Finding new living space in expanding cities

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Floating houses for cities
By Jerry Brownstein
With a growing global population and an increase of people living in cities, high land values are causing a shortage of affordable housing in urban areas. One way of adapting to this challenge is by creating floating neighbourhoods in cities that are by the sea. In Amsterdam there is one called ‘Schoonschip’, which is Dutch for ‘clean ship’. It is a model for this type of development, and its architect says, “With Schoonschip we want to set the example, and show how living on water can be a better alternative for people and our planet.”
The 46 homes sit on floating pontoon structures that rise with the water level to keep the homes safe in the event of a tidal surge or flooding. They are designed to be self-sufficient with minimal impact on nature. Solar panels and efficient heat pumps keep the houses warm in winter. Wastewater from toilets and showers is converted back into energy, and many residents also have a green roof where they can grow their own food.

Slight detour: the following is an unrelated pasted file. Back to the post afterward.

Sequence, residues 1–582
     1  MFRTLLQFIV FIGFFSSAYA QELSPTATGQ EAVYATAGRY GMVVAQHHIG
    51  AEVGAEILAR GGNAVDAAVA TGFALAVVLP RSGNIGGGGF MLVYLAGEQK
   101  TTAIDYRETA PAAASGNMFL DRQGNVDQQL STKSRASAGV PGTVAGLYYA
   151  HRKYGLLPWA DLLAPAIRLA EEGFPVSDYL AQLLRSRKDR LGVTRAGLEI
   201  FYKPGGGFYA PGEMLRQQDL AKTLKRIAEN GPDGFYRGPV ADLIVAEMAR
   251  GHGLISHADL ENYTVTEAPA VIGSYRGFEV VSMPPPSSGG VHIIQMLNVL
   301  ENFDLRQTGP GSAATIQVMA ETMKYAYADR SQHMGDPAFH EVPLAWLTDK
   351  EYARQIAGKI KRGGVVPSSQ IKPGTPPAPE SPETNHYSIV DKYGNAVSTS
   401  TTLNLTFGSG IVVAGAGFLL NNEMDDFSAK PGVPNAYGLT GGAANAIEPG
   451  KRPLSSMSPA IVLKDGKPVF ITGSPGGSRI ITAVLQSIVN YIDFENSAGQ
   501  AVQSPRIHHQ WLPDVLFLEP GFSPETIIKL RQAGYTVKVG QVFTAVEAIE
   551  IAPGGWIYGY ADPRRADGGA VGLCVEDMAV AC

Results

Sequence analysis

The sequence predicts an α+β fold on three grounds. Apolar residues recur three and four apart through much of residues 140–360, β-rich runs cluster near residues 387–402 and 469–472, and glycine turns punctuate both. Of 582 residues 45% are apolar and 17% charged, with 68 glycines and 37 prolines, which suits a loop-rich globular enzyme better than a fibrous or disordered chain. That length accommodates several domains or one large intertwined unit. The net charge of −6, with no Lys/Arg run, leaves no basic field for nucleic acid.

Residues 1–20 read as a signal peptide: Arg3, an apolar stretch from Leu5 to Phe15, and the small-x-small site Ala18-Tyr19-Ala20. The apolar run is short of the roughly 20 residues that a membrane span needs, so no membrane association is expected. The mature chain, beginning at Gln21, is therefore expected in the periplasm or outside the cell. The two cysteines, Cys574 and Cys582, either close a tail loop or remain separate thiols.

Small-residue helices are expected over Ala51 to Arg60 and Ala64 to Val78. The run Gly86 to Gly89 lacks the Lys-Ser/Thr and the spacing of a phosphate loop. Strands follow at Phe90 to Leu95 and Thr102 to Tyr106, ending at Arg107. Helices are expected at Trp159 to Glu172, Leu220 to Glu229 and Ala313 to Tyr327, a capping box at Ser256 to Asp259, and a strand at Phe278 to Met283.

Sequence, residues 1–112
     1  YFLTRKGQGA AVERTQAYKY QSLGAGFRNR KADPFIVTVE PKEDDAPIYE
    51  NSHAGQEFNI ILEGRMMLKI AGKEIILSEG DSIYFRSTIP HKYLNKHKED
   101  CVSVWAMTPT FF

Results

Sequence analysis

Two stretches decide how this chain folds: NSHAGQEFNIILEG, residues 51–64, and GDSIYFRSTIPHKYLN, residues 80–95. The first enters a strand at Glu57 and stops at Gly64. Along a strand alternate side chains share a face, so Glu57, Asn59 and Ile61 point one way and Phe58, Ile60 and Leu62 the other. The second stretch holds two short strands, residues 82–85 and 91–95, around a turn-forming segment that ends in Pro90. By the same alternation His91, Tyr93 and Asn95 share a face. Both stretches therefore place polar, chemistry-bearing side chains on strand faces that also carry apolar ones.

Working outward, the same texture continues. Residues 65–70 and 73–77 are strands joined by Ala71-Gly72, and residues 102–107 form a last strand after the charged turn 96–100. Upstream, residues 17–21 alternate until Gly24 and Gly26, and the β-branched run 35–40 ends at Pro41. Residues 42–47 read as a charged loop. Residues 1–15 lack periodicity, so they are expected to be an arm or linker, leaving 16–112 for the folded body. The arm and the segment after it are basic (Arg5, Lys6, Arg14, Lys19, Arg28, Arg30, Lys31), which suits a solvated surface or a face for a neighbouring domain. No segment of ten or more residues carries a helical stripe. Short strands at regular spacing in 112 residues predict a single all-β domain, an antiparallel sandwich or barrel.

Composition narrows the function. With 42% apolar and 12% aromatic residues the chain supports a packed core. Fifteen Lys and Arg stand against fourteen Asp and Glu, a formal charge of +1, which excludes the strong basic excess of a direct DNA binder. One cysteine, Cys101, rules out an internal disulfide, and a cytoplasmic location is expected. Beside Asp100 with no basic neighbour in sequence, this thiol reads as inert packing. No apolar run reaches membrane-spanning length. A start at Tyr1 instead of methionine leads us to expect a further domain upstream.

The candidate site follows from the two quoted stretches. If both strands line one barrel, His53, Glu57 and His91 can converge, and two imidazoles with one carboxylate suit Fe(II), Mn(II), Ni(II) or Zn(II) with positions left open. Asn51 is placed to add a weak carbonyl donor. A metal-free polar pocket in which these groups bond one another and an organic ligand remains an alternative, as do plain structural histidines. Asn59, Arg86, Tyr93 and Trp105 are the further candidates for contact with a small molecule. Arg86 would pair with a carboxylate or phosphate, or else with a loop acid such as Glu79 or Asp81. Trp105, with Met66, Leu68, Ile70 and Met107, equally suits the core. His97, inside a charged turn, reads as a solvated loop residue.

In Denmark the housing start-up Urban Rigger has responded to Copenhagen’s shortage of affordable housing by building on the largest undeveloped area of the city centre - the harbour. They have designed a modular housing system that is both economical and flexible. It is built with unused shipping containers - thus transforming industrial waste into valuable housing stock. The first model has nine containers with fifteen living spaces organized around a central courtyard, all resting upon a floating platform. The rooftops provide space for a small garden, a terrace and an array of solar panels. The standardized size of the containers makes it easy to raise or lower the number of houses in the system, and to create a variety of configurations to fit different locations. It could prove to be invaluable in providing affordable housing in the context of increasing urban density and land values. “Since urban areas struggle with high density, we should make better use of the space on the water,” says the project’s architect. 


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